With the deadline for the 2023 farm bill fast approaching, the message from commodity groups to Congress continues to be for expansion of the ag safety net.
The Kansas Wheat Innovation Center hosted a roundtable that included Kansas U.S. Sen. Roger Marshall, Arkansas U.S. Sen. John Boozman and members from 17 different organizations, sharing concerns for what they hope gets into the massive spending bill, which comes before Congress every five years.
“What we’re trying to do is get out and about the country to hear different perspectives as to how we need to re-work the farm bill. We do that every five years. It’s so important now as they have the ability to go their bankers, have the safety nets in place. We talked about drought and the importance of having the different programs to be helpful in those kind of areas,” Boozman said.
Sen. Marshall says he hears the concerns about the complexity of filling out forms just to get some of the federal aid and says they’re working to simplify or streamline the process where possible.
“I’m as frustrated as anybody. Certainly the volume I’m hearing from not just farmers and ranchers, but from every small business across the country is that there’s more and more rules coming out of this White House and it is simply strangling small businesses and killing the economy. So we’re pushing back whenever we can,” Marshall told reporters Friday.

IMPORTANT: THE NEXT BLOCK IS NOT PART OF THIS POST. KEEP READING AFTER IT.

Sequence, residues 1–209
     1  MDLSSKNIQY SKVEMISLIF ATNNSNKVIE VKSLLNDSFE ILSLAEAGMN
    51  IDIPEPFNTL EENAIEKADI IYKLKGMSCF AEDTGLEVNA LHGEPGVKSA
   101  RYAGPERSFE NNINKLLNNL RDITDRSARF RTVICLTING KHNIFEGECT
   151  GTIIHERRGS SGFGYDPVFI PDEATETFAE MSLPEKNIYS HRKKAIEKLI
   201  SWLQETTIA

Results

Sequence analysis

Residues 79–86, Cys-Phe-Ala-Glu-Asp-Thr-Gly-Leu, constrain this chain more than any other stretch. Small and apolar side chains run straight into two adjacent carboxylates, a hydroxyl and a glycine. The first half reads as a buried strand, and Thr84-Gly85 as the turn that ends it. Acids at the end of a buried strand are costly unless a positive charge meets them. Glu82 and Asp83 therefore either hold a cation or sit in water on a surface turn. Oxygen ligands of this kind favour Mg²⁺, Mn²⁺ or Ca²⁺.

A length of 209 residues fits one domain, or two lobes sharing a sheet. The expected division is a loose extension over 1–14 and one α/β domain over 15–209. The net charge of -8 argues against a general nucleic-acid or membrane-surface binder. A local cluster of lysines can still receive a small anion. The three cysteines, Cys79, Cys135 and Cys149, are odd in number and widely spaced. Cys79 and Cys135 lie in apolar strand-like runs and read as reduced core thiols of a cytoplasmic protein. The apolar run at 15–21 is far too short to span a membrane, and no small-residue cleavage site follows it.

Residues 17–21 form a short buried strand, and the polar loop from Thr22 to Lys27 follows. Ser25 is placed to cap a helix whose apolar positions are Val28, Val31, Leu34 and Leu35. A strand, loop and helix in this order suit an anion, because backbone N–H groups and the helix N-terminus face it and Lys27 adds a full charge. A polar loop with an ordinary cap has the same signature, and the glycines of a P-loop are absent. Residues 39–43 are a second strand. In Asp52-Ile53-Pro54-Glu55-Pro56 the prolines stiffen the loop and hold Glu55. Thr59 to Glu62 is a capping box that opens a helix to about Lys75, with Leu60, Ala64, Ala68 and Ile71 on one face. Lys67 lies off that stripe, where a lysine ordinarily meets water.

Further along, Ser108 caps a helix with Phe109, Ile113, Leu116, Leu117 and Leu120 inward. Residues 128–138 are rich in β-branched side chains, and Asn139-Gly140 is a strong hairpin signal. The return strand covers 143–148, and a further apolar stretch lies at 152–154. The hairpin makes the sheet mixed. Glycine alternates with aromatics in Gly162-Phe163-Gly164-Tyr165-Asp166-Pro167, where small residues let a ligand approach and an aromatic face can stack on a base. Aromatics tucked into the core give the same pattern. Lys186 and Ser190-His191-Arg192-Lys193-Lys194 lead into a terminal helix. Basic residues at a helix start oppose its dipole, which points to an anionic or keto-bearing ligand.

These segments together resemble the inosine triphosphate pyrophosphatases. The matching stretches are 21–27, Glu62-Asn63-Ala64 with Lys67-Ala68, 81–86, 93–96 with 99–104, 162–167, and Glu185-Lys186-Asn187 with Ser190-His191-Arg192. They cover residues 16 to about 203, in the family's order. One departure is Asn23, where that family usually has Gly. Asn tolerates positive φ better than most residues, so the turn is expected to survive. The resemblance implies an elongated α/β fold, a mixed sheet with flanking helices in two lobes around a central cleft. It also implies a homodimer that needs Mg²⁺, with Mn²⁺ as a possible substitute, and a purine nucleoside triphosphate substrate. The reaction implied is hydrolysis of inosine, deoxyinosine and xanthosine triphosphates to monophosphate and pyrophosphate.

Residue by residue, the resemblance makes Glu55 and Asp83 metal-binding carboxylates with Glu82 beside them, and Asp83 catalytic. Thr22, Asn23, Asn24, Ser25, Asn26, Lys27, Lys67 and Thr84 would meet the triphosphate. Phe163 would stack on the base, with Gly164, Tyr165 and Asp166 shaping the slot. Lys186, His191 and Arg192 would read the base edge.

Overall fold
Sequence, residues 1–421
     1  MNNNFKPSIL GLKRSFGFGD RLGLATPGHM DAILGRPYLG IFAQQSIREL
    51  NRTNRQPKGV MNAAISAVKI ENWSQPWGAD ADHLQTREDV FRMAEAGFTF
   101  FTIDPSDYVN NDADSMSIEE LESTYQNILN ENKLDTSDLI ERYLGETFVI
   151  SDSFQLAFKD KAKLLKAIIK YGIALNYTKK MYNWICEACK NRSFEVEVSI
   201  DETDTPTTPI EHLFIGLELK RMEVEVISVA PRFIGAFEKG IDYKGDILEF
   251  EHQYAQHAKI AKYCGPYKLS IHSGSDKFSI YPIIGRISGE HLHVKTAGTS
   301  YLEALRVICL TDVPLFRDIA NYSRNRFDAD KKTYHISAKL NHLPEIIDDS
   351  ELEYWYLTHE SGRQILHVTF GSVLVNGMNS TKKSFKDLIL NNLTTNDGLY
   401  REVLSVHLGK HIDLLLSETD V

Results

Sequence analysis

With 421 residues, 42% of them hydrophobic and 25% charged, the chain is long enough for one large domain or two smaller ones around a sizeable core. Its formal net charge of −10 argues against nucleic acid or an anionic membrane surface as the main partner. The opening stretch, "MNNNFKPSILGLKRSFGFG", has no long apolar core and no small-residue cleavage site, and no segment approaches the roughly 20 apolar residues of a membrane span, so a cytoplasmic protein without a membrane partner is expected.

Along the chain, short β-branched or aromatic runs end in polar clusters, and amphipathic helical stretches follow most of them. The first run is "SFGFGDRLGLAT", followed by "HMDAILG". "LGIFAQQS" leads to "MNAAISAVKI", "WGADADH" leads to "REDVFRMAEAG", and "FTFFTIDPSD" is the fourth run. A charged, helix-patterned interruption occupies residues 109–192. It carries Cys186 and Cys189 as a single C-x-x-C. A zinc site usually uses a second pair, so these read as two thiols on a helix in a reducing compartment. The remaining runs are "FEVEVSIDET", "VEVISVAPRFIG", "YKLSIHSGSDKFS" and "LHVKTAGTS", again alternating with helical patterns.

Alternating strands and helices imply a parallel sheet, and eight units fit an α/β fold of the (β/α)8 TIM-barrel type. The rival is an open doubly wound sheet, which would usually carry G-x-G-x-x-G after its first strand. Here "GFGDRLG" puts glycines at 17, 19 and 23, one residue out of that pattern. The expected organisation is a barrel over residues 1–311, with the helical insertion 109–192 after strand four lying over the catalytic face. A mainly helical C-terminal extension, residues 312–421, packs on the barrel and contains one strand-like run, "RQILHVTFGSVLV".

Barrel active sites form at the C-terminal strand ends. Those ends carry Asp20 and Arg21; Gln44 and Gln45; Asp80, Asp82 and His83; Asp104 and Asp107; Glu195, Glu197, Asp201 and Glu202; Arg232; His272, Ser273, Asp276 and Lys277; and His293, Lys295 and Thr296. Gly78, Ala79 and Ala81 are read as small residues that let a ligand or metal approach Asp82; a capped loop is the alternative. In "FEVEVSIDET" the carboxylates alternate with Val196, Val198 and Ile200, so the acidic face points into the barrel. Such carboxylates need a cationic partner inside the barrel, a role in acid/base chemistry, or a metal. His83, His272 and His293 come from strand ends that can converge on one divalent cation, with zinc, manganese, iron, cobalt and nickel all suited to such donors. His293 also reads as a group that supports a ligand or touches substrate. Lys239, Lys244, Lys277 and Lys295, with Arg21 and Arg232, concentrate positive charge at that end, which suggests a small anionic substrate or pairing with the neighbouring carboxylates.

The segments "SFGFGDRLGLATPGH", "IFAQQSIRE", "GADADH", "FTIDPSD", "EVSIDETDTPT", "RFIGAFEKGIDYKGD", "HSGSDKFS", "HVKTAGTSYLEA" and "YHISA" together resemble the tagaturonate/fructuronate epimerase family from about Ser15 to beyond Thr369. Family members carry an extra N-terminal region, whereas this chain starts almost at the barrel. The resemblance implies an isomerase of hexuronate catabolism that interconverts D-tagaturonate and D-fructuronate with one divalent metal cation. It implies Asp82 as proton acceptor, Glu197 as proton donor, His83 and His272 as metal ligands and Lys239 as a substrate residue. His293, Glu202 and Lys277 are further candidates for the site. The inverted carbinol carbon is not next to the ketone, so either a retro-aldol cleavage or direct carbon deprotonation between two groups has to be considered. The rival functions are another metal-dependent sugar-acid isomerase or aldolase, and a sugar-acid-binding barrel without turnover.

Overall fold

Baseline spending is projected at $1.5 trillion over the next 10 years. According to Sen. Boozman, the ranking member of the U.S. Senate Agriculture Committee, $1.2 trillion of that is for nutrition and $300 billion is for farm programs.
“It’s not unreasonable to make sure as we go into this next farm bill, that right at the top of the list, we do make it such that our farmers feel confident that they have the safety nets in place, to be able to go to the bank, borrow the money they need and know that if a drought comes, or whatever comes, that there is a safety net that will be there to help them get through it,” he said.
Funding the farm bill remains a question mark with Sen. Marshall saying the biggest underlying problem is
the price of food.
“Just like everyone’s food at home is up 20 or 25%, these government programs are out there trying to fund food as well. When you’re going year to year with some type of an operation loan and suddenly you’re paying 7% interest rather than 2% on a million dollar loan, the paycheck doesn’t last through the end of the month,” he said.
The current farm bill expires at the end of September.